For adults, these people seem to acting very childish and petty.  And both parties seem to be misappropriating funds from the sounds of it (either campaigning on business time or surveillance by law enforcement for personal reason outside an official capacity).

Regardless, they both seem to have acted irresponsibly - the coroner by supposedly releasing the double-murder investigation info or the sherriff's department by supposedly "throwing a trantrum" and essentially saying that "this is our side and no coroner people are allowed!" like children with a fort.

Whether this crap is completely true or not, I really have no idea and I could frankly care less.  The reason for this dear friends is that we are told from childhood to grow up, act your age, and become an adult.  But if this (and many other instances of adults being d-bags) is what being an adult means, then forgive me if I would rather be a child with a high IQ.  At the least, at their most innocent, for the most part, children are honest.

MO
MO

The problem seems to be obvious to the reasonable person.  The Douglas County Coroner seems to be neglecting her fiduciary responsibility to the citizens and to the Oath she took to defend The U.S. Constitution.  Amendment 4 was written to protect the security and privacy of individuals, by obtaining a search warrant listing specific evidence the entity requesting it is seeking.  In a murder scene, the Sheriff is in charge of the crime scene and release of evidence when it appropriate.  The coroner, who admits trying to bargain with the Sheriff not to release information about the crime in exchange for access to a vending machine and a gymnasium, potentially jeopardized the legal outcome of the murder, an atrocity in and of itself.  Releasing that information while the criminals have not been apprehended is negligence and contempt for the law.  Anyone who has ever worked for a government organization knows that political activities cease when on government property.  This is blatant abuse of power.  Who will bring it to an end?

Logic
Logic

It is difficult to ignore this post.... MO, as a reasonable person, it looks to me like there is clearly still some bad blood (*pun) between these two folks since the Sheriff's pal, Mr. Lord, lost last year's Coroner's race.  Professionalism directs these two officials to cooperate and it's a shame bitterness is getting in the way.

As for "political activities" ceasing on government property and the supposed abuse of power, how do you mean??  If the Coronor wants to meet someone in a public place (your word: government property), there is nothing wrong with it!  If the Sheriff meets a guy in the parking lot to pick up a new tool belt from a Craiglist seller, I doubt you'd have a problem.  In this case, the government property you speak of is PUBLIC PROPERTY - not Area-51.  If meeting people in public parking lots, on your own time is "blatant abuse of power", I can't imagine how terrible you consider the actions of the "'two high-ranking command officers' of the sheriff's office" who were conducting surveillance on the Coroner....

Logic
Logic

More DRAMA!  As a DougCo voter, the more I hear how desperate this Sheriff is to hold on to his job, the less I respect him.  HE'S AN ELECTED PUBLIC SERVANT - and term limits exist for a reason!  He's been Sheriff for the time limited by law and that time is up.  If he's as fantastic Mr. Ali claims above, he'll have no trouble moving on - either to the private sector or possibly to yet another elected office.  If he's such a great guy, his friends should be biting at the bit for the opportunity to hire him after his term as Sheriff is up, right?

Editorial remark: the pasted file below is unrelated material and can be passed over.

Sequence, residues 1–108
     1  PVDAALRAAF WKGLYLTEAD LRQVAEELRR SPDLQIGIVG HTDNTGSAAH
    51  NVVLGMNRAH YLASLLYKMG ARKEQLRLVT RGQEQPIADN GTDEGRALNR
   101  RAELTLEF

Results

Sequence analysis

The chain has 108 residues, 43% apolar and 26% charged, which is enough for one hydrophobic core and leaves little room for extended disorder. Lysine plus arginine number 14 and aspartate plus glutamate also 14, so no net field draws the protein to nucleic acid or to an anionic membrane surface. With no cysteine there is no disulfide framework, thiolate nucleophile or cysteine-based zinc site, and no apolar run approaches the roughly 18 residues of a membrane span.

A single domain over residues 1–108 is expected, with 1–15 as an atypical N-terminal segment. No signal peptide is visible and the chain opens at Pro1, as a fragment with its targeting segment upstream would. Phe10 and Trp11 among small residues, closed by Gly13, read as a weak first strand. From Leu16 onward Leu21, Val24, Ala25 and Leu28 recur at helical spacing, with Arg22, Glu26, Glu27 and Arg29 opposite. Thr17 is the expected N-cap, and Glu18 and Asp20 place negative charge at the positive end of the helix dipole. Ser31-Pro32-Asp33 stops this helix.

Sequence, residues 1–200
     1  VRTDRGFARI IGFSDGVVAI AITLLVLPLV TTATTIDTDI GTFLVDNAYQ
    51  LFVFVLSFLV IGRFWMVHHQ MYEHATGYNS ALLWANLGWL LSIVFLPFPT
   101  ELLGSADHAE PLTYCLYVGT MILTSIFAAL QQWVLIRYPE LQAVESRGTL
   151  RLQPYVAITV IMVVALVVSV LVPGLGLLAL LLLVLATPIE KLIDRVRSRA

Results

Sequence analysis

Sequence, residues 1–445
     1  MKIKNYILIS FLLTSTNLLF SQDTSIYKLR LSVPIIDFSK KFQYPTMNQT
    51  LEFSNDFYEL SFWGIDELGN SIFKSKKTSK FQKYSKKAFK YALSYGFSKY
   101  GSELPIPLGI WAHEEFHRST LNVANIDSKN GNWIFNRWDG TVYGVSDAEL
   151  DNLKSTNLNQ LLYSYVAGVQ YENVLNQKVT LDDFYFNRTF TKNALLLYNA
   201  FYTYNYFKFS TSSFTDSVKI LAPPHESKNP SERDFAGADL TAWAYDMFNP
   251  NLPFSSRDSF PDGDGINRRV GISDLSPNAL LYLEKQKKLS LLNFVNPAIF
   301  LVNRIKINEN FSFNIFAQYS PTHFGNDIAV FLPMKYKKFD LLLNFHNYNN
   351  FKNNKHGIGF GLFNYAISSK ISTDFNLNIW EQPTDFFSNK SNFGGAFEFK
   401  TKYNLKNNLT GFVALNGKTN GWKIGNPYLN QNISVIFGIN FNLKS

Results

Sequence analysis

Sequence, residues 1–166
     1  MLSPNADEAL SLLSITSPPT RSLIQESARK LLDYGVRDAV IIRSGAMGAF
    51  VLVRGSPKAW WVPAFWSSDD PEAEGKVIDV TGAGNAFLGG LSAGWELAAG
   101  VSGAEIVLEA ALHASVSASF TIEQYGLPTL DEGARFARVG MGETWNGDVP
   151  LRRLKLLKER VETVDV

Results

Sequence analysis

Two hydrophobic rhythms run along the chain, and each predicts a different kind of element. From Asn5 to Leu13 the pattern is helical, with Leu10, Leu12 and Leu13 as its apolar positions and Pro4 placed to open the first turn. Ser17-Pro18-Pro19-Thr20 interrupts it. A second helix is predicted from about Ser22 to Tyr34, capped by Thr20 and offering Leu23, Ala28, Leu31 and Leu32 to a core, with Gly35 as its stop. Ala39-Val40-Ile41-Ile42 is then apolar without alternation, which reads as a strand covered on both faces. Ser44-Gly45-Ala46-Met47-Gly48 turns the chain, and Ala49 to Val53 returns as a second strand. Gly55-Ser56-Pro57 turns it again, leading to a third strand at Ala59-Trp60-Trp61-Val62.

I wonder why he, and his friends, are so desperate to CHANGE the law so he can continue to keep a position in government that is specifically designed to have turnover.  Again, term limits exist for a reason - IT DISCOURAGES CORRUPTION.  Ask yourself why going through the hassle of passing a ballot initiative so that one man may keep his job for a few more years is worth all trouble.

Granted, if I only had a high school diploma in this economy, I'd be desperate to keep a cushy county job as well...

Miguel Ali
Miguel Ali

I got to know both Lora Thomas and Sheriff Weaver well in running for Colorado State Treasurer

Let me just make this clear - I like both Thomas and Weaver

With that said, I would have a difficult time believing that Sheriff Weaver practices any form of corruption or bad politics - I'm happy to evaluate and listen to proof, but in his conduct, Sheriff Weaver is a true boy scout

Logic
Logic

I've never known a boy scout to whine so much!

JW
JW

This is an example of journalism gone bad. The complaint filed against Coroner Thomas vy Nelson did not mention or bring in Sheriff Weaver once. Headlines that read like this and then an absurd claim that Sheriff Weaver was in a vehicle with heavily tinted windows doing surveillance is wrong and libelous. Coroner Thomas was elected to do a job -not campaign against giving voters in Douglas County the right to choose who they want to serve and protect them. The You Tube video, speaking at Rotary Club and signs during work hours on County property is the point Mr. Nelson was making. As long as folks can make ridiculous claims to deflect the attention off of the real issue and drag an honorable, good man down, this continues. Enough. Sheriff Weaver has served this county with integrity and honor. Good traits others in elected positions everywhere should follow.

TG
TG

I heard she was on her time in her own vehicle.  Really,  I hope you are not wasting the taxpayers money and can prove something.  This is about yes or no on 1A.